Get your cameras at the ready, because the fourth and final supermoon of the year is set to make an appearance this week.
And for once, the weather looks like it might actually be on our side for it.
The typical gloomy Greater Manchester weather has predictably meant that we haven’t had the best view of the three previous supermoons that appeared in UK skies this year, but with the country currently in the midst of what is expected to be declared a heatwave – and with a heat-health warning having already been issued – it’s shaping up to be a different story for the ‘Sturgeon Moon’.
Astronomy lovers are also in for a real treat too, because the Sturgeon Moon is looking like it will be bigger, brighter, and closer to earth than all other full moons this year.
A special occurrence that only happens a few times a year, a supermoon happens when a full or new moon passes at its closest point to Earth, which makes it appear especially large and bright in the sky as they cast about 30% more light on the planet than when the moon is at its dimmest.
“During a supermoon, the moon is at a stage where it is closest to Earth,” explained Sara Russell from the Natural History Museum.
“This will typically last for two to five full moons, so that’s why there are multiple supermoons in a row.
“After that, the moon goes into the more distant part of its orbit.”
But where did the name ‘Sturgeon Moon’ come from? Well, according to Live Science, it’s believed to be connected to how many fish were caught under the moonlight.
“The sturgeon moon’s name comes to us from the Algonquin tribes of what is now eastern North America, as large sturgeon fish were more easily caught in the Great Lakes at this time of year,” the science platform explained.
You can also see the railway lines snaking through the city centre, cars nipping around the ring road, and the comparatively small apartment blocks around Castlefield.
Commenting on the video, one person said: “This is mint.”
Another wrote: “Fricken love this!!!!”
Featured image: @lef_tsotour
Question Time audience stunned as first-time buyer says mortgage quote DOUBLED
Thursday night’s Question Time audience could be heard audibly gasping after a fellow crowd member revealed that her mortgage quote had doubled followed the recent mini-budget.
Taping in Manchester on 29 September, the current events and politics programme was discussing property when would-be first-time buyer Rabia revealed that her mortgage offer had jumped from an initial amount of 4.5% interest to a shocking 10.5% in just a matter of days.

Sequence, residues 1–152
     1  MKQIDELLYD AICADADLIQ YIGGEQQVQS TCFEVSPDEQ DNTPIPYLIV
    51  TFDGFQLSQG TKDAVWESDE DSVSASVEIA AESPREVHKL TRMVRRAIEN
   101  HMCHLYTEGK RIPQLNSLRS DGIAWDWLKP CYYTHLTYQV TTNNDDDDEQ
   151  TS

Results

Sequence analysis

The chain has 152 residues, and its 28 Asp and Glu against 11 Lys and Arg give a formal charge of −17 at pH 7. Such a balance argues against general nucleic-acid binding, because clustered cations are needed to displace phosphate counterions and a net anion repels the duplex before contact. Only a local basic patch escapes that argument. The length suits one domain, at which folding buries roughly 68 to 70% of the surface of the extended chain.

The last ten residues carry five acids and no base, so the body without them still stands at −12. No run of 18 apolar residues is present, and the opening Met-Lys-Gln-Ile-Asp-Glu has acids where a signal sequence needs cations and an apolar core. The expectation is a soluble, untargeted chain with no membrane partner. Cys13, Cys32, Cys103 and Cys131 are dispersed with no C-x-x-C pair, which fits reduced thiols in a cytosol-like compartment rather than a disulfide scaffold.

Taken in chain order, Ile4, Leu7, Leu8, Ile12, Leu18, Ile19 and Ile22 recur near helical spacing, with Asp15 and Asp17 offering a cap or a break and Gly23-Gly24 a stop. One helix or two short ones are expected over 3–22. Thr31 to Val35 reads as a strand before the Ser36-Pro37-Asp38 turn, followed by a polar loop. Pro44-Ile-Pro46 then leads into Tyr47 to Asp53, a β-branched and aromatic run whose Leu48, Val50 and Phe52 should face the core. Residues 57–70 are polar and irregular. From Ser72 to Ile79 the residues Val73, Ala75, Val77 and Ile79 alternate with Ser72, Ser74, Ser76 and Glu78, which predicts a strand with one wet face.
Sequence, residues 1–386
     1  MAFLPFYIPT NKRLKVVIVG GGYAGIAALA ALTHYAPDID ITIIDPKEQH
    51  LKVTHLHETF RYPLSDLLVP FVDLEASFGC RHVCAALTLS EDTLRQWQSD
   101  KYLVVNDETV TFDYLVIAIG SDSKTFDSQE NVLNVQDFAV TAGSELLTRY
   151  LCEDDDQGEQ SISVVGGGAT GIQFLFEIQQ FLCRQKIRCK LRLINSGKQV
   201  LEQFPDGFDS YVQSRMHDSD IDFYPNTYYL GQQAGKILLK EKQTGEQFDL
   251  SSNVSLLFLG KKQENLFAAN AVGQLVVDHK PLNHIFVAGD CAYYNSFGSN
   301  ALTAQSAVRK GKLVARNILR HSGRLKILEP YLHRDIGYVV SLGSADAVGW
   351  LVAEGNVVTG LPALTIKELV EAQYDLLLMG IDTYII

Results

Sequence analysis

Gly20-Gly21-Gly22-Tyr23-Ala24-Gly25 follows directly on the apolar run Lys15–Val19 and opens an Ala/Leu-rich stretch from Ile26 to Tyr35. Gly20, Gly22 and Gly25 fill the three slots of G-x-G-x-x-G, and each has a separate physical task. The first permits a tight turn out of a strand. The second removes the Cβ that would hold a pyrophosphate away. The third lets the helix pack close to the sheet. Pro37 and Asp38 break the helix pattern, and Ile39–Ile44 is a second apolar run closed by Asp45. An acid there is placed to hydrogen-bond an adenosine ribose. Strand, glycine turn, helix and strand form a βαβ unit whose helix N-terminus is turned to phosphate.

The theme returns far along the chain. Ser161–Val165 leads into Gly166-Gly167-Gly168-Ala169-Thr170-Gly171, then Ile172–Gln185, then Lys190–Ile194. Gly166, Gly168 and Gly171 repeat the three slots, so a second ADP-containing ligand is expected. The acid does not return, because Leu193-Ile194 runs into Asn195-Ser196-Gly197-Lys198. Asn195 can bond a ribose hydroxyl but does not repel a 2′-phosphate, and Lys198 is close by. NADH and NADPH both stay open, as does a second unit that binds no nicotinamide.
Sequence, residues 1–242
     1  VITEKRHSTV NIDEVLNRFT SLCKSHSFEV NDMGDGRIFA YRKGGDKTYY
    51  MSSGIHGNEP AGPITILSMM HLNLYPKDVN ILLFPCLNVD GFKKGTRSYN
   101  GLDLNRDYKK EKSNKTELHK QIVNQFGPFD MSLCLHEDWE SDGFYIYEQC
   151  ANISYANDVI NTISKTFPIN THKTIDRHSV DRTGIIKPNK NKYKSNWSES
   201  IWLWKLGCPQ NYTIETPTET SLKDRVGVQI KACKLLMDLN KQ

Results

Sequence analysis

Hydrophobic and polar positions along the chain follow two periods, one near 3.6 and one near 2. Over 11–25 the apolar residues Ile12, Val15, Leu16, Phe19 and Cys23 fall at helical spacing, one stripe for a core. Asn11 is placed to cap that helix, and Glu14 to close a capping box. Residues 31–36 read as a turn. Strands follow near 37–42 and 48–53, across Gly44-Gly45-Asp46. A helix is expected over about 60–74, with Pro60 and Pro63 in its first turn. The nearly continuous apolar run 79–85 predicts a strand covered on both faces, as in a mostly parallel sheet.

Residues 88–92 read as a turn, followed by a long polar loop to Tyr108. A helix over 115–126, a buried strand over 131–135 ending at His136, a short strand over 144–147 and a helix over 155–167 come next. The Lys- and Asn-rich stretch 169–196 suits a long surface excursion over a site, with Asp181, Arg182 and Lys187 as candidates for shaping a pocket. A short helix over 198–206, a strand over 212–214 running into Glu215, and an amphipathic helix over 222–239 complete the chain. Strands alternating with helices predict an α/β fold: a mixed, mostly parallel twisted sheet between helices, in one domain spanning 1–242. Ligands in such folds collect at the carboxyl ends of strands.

As you can see in the incredible clip, both the audience and the panel are taken aback at the revelation.
The Greater Manchester resident said she is desperate to know what the government’s plan for mortgages is as following the latest revision, she says she simply cannot afford to put the money down on her first home.
Labour leader Sir Keir Starmer weighed in on the social media reaction, quote tweeting the clip from his party’s own account and stating that “the Tories must get back to Parliament and reverse their kamikaze budget” as the current economic mess is being “paid for by working people”.
To make matters worse, Rabia was given no clarification from her lenders, only that they were pulling her offers. Conservative MP and Minister for Local Government, Faith and Communities, Paul Scully had little information to offer her either, simply stating it is a short-term effect and that the market will stabilise.
Scully was subject to an entirely different reaction from the audience as well after his blind attempts to defend Prime Minister Liz Truss and Chancellor Kwasi Kwarteng were met with laughter. Conversely, Richard Bacon was met with applause after he labelled the mini-budget “absurd”.
As if the anti-Tory sentiment wasn’t already at a high, the chancellor’s mini-budget – which saw the corporations, bankers and the generally wealthy benefit ahead of the working class – has seen fresh calls for a general election to be held as soon as possible.
Beyond declaring a so-called £2,500 limit on energy bills (which many have warned isn’t a guaranteed cap), there was seemingly very little in the way of policy that
For those still unclear as to what was announced in the divisive mini-budget, here is a quick summary:
Speaking in a speech at the Labour conference in Liverpool on Tuesday, Starmer said that the government “haven’t just failed to fix the roof, they’ve ripped out the foundations, smashed the windows and now they’ve blown the doors off for good measure.